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Caucus Stands by Reid

No Desertions Over Remarks

Despite persistent attacks from the White House and Congressional Republicans over his stance on the Iraq War, Senate Majority Leader Harry Reid (D-Nev.) has continued to enjoy strong support from his colleagues and has kept his ideologically diverse Senate Democratic Caucus together even as his House counterparts have struggled to do so.

Leadership aides and Democratic lawmakers argue that despite Reid’s often confrontational approach to the war — including his recent declaration that the war is “lost” — at this point there is little indication that even conservative members of the Caucus are chafing under his leadership.

“Nothing he’s done could be seen as radical” under normal circumstances, one aide argued, maintaining that it has taken on that appearance only because “for five years Congress has given the White House what it wants” and there has been little public debate over the war.

“Everything he’s done policy-wise and legislation-wise, has been able to bring together the Caucus, whether it’s a [Nebraska Sen.] Ben Nelson to a [California Sen.] Barbara Boxer,” one leadership aide said.

Democrats point out that Reid took several weeks to bring his Caucus along politically to the point where all members could agree to a basic set of legislative principles setting benchmarks for the Iraqi government and the U.S. military, as well as a “goal” of redeploying troops by next spring. One aide said Reid worked closely with Nelson as well as more liberal lawmakers like Sen. Russ Feingold (D-Wis.) to ensure the two wings of his party were comfortable.

“Everybody understands that this is a process of putting pressure on the administration to change direction,” a Reid aide said, explaining that this has helped make the needed compromises between conservative and liberal Democrats much easier to make.

“I think Harry’s done a good job of bringing the Caucus together,” one Democratic lawmaker said, arguing that Reid’s time as Whip and now as Majority Leader has helped him develop significant reservoirs of loyalty within the Caucus.

A second Democrat agreed, saying that Reid has done a good job of overcoming the initial differences between the two wings of the party to develop a consensus position. This Senator also argued that a lack of flexibility among Congressional Republicans and the White House on the future of the Iraq War has been a major contributor to the Democratic Caucus’ unity.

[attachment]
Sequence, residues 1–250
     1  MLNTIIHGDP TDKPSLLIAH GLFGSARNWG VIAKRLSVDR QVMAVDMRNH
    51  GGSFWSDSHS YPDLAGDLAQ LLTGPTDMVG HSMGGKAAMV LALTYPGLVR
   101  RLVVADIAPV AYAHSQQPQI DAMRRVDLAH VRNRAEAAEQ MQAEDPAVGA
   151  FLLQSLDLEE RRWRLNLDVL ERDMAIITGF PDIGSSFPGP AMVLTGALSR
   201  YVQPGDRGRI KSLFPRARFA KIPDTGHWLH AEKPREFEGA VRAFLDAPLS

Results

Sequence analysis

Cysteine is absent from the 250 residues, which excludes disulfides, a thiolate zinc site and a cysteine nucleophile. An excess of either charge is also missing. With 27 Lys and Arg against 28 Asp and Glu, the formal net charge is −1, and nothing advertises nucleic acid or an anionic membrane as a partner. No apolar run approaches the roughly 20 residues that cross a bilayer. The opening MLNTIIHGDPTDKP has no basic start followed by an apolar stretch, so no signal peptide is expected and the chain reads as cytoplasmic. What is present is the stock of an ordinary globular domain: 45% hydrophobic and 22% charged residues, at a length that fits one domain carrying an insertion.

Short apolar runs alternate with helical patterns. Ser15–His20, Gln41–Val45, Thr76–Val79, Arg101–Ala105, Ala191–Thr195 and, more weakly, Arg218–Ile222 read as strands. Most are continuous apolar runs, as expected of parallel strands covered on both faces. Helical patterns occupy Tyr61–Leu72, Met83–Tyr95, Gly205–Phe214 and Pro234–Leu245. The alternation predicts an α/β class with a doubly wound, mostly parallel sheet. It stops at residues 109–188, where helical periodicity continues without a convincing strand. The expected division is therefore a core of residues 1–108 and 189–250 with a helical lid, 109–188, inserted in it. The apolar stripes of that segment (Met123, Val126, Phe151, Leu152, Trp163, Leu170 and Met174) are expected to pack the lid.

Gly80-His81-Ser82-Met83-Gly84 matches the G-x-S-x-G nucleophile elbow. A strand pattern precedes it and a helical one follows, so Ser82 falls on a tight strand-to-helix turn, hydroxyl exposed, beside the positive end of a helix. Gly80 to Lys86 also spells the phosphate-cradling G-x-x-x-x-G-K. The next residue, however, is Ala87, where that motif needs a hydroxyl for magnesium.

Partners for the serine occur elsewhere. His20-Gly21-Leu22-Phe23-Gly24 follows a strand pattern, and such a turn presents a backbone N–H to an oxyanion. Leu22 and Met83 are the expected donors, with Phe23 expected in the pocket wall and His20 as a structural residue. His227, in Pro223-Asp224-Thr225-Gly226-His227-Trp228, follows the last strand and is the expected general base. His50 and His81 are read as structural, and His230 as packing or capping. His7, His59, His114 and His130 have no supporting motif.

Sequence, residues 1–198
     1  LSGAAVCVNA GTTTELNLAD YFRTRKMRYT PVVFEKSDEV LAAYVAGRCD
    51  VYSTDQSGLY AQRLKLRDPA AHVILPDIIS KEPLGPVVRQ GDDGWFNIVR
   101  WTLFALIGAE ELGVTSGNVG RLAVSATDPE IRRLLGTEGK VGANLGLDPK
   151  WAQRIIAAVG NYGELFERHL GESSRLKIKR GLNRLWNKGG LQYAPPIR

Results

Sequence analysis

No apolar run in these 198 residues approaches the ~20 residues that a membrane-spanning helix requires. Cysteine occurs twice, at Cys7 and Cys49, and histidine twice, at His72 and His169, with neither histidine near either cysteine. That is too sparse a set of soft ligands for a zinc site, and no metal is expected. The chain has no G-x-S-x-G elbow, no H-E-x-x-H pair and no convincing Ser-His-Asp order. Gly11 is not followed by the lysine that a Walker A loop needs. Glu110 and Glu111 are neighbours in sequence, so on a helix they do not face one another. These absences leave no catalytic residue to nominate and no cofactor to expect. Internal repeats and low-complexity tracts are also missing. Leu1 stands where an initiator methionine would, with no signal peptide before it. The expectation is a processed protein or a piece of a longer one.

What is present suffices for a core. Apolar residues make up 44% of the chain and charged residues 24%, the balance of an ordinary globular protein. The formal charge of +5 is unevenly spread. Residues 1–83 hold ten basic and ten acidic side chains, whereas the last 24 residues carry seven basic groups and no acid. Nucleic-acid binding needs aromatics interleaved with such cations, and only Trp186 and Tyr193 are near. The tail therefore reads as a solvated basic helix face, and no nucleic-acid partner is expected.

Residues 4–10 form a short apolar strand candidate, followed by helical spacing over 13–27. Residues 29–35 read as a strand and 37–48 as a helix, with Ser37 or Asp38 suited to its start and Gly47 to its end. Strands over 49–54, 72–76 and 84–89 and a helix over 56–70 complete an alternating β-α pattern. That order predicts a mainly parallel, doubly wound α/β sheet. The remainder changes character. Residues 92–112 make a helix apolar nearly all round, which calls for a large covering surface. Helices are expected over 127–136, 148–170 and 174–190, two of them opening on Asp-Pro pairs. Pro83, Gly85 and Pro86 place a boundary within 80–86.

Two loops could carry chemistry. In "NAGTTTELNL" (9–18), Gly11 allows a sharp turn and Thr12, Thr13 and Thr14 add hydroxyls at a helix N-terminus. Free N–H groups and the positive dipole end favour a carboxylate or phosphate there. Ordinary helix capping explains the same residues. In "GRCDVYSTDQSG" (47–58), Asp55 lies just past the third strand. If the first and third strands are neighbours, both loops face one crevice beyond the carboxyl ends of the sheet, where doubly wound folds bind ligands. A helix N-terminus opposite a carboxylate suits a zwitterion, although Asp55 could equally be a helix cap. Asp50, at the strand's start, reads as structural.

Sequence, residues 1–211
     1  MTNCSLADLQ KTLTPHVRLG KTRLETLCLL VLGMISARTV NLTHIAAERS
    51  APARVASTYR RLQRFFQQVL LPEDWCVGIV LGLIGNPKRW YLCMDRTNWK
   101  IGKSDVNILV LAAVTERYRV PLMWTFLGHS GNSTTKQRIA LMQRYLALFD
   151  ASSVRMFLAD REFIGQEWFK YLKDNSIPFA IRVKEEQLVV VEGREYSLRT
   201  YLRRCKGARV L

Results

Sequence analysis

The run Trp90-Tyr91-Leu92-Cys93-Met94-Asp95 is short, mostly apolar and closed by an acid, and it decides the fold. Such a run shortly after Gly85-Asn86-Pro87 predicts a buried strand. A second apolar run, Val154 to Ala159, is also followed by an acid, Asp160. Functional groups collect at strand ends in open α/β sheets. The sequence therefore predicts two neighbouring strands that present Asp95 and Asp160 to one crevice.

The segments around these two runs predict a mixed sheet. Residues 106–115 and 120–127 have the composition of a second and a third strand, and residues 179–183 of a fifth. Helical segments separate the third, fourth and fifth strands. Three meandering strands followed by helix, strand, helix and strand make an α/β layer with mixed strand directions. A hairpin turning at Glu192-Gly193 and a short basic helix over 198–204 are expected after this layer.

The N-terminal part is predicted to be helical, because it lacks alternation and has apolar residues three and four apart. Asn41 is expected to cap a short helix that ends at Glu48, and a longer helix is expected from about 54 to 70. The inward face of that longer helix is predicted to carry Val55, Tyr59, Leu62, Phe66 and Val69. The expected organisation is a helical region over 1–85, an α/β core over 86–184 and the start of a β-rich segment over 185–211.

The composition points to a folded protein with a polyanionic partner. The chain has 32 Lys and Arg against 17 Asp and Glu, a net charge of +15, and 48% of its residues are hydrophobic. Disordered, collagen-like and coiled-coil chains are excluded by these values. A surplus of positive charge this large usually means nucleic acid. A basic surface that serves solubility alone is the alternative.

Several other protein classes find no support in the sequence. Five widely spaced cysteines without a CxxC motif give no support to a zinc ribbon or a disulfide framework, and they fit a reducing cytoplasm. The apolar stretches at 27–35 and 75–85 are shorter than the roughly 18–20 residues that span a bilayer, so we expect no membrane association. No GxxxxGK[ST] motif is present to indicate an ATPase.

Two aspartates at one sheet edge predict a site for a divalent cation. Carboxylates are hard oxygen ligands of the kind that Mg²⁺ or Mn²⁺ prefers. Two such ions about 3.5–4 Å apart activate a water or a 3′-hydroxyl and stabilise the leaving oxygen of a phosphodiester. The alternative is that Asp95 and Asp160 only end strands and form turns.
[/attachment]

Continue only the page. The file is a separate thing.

Democrats said it appeared Reid had suffered little if any damage from declaring the war as lost last week, saying his larger argument that Bush’s approach is a dead end is an accurate reflection of the Caucus’ position. The “larger point is that there is no military solution, there is only a political solution,” Senate Armed Services Chairman Carl Levin (D-Mich.) said Friday, adding that the surge has been a “failure in terms of achieving what its goal needs to be, which is a political solution. I think that’s what the surge’s stated purpose is and I don’t think its achieving that goal.”

Privately, Democrats said that while Reid’s comments may not get ringing endorsements from his colleagues, there is an understanding that his increasingly tough rhetoric is driven by a personal conviction.

According to aides close to Reid, following a trip to Walter Reed Army Medical Center several weeks ago, the Majority Leader’s view of the war was altered. After visiting with injured soldiers, Reid “decided it wasn’t worth having anymore men and women come home injured.”

In an interview with CNN on Monday, Reid defended his comments, saying “I do what I think is right, and I think this war is headed in the wrong direction … and I’m going to speak out as often and as regularly as I can.”

Democrats point to a number of reasons why Reid has been able to avoid divisions similar to those in the House, which have made shepherding the supplemental appropriations bill much more difficult for Speaker Nancy Pelosi (D-Calif.).

One key factor is while Pelosi, as the first female Speaker of the House and leader of the much ballyhooed Democratic takeover the chamber, enjoys a significant national profile, Reid has thus far flown under the radar. Additionally, Pelosi makes a much more obvious target for Republicans, who can use her roots in California’s liberal Bay Area to tar her with prerogative labels like “San Francisco Values.”

Reid, on the other hand, is much more low-key, and his rural Nevada roots, Mormon faith and often conservative positions — he personally opposes abortion and is a strong defender of gun rights — shield him from broad-brush charges of being too far to the left.

Another key factor has been the timing of some of Reid’s more incendiary comments. For instance, his decision to declare the war lost came during the same week that the nation was faced with the massacre at Virginia Tech, an event that overshadowed most other news. Democratic aides in the Senate acknowledge that the pressure felt by rank-and-file Members to distance themselves could have been much greater if Reid’s comments had been given more play in the press.